What happens at Cape May City Council reorganization meetings? Every January 1st, unless prearranged by City Council, the City of Cape May holds a reorganization meeting. Newly elected officials are sworn in and the City gets down to business.
For the past year, at least since the pandemic took hold, Cape May City Council meetings have been virtual. The New Year’s Day meeting was held in person at City Hall. The attendance was limited to 24 people. The meeting agenda is posted on the City’s website.
Though thousands of votes were cast in the November election–a little over 100 viewers logged into the meeting streamed live.
The meeting is presided initially over by the City Clerk. The incumbent Council members, Mullock, Sheehan, and Meier sat separated by plexiglass dividers.
Without fanfare, Zack Mullock resigned his seat from City Council and was sworn in as the City’s new mayor. Retired Judge Raymond Batten administered the oath of office. Mayor affirms: “I will not take any special privileges not afforded to regular citizens of the City of Cape May.”
City Councilman Chris Bezaire was sworn in by City Clerk Erin C. Burke. With Mullock’s council seat now vacant, (he can’t hold both positions) Council nominates and unanimously approves Lorraine Baldwin to fill the expired term of the Mayor’s vacant seat.
What happens at Cape May City Council
Ms. Baldwin is sworn into her council and the nomination of Deputy Mayor Stacy Sheehan takes place. Council is now seated and can get down to business. Again, the agenda is previously arranged and various appointments follow.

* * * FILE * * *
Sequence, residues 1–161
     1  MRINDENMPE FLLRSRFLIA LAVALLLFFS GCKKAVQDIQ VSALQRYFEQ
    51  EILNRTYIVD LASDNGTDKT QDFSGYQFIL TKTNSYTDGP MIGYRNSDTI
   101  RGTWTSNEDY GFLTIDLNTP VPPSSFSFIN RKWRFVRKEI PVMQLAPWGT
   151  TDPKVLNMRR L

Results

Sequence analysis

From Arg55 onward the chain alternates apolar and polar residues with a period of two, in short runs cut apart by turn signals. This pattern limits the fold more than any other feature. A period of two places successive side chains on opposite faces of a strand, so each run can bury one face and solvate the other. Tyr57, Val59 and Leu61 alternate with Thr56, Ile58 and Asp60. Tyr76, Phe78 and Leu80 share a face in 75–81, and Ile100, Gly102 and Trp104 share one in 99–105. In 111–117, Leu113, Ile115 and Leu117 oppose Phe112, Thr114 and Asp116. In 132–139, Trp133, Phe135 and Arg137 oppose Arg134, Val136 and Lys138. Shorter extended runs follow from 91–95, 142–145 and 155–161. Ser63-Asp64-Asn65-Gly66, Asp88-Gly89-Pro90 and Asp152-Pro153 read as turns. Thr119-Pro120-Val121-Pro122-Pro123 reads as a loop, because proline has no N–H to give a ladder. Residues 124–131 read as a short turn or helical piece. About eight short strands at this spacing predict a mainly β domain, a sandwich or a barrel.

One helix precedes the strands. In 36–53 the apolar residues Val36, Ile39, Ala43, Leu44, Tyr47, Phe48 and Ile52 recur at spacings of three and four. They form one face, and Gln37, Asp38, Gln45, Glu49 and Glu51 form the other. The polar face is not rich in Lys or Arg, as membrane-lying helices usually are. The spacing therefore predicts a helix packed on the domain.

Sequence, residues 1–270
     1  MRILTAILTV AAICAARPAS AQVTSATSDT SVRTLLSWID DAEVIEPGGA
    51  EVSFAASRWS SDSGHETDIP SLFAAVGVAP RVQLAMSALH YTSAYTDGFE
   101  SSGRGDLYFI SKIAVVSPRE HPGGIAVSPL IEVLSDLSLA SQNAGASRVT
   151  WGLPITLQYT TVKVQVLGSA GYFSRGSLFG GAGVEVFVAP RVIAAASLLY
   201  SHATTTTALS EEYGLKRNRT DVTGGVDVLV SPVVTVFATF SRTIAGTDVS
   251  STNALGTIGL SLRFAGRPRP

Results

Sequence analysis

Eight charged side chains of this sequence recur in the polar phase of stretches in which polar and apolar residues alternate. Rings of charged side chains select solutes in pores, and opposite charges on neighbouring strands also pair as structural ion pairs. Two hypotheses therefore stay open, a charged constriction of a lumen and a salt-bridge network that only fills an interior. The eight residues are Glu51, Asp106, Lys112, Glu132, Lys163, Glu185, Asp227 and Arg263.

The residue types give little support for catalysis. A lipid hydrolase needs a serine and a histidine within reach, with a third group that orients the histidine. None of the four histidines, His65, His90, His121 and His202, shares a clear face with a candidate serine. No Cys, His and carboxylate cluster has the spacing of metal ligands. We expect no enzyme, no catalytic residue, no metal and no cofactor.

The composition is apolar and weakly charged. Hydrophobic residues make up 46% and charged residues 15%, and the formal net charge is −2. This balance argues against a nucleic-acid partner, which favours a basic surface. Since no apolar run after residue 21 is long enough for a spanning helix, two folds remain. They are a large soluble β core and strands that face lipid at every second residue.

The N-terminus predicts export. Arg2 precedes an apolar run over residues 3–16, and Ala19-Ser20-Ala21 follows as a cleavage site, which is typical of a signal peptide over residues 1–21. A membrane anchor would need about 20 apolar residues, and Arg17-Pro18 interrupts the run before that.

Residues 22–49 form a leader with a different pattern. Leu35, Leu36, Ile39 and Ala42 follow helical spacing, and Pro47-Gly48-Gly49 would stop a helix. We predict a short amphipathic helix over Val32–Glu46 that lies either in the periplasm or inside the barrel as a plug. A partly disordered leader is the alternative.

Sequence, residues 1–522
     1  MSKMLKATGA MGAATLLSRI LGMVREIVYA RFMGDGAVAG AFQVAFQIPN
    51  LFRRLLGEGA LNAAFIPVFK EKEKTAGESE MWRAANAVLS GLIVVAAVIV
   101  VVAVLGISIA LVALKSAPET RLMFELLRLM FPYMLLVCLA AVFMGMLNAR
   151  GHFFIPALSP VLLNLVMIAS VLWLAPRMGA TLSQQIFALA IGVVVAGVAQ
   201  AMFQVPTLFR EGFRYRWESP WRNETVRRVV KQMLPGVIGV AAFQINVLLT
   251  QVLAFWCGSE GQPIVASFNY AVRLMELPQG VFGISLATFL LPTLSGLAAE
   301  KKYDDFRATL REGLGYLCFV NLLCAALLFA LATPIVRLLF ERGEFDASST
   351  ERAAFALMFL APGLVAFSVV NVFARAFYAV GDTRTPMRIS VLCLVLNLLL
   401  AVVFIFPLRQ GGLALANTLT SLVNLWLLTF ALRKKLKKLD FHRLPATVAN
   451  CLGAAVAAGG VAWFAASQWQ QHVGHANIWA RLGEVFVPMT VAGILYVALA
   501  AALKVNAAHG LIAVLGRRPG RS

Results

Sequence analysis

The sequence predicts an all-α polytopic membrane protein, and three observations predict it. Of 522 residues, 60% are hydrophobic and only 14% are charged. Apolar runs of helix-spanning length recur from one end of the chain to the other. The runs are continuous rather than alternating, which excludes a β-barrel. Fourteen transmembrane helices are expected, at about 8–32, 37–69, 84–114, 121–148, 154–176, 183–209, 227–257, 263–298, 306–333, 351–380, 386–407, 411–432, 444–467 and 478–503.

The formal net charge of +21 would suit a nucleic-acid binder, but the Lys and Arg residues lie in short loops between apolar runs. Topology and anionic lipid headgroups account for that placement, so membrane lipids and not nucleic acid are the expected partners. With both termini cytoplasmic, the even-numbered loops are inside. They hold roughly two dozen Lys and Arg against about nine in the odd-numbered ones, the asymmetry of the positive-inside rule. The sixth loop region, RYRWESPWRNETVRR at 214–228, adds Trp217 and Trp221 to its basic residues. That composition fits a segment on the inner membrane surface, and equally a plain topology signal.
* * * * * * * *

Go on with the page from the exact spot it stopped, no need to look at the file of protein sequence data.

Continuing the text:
Cape May gets a new City Solicitor. The surfing, guitar-playing frontman for the Bastard Sons of Captain Mey Chris Gillin-Schwartz is appointed. He is the one who writes the where-as and where-for.
Cape May also appointed Mike Voll as the new Manager of the city. He replaces Jerry Inderwies who resigned before the new administration took office. “You have the keys to the city,” declared Councilman Shaine Meier, referring to Voll.
A laundry list of business takes place and bills are paid. Each item is voted upon either individually or by group (consent agenda.)
One of the items not unanimous was the elimination of the Cape May Star and Wave as the official paper of record. Explained as a move to get more online exposure and not personal by Councilman Bezaire, the Press of Atlantic City, and the Cape May County Herald, were appointed papers of record.
A newspaper is used to publish public or legal notices, thus serving as a newspaper of public record. Not since the Mahaney administration had the Star and Wave been dismissed. It will certainly conjure up all sorts of speculation as to why the council made this move.
The Cape May Sentinel used the longest paragraph in a recent post, to explain possible motives for dismissing the Star and Wave.
Moving forward the Council pledges to continue to post meeting agendas and packets to the city website. You can find them by clicking here.
We offer this post in the interest of those who care about what happens at City Council meetings. I am curious about how many people really follow meetings.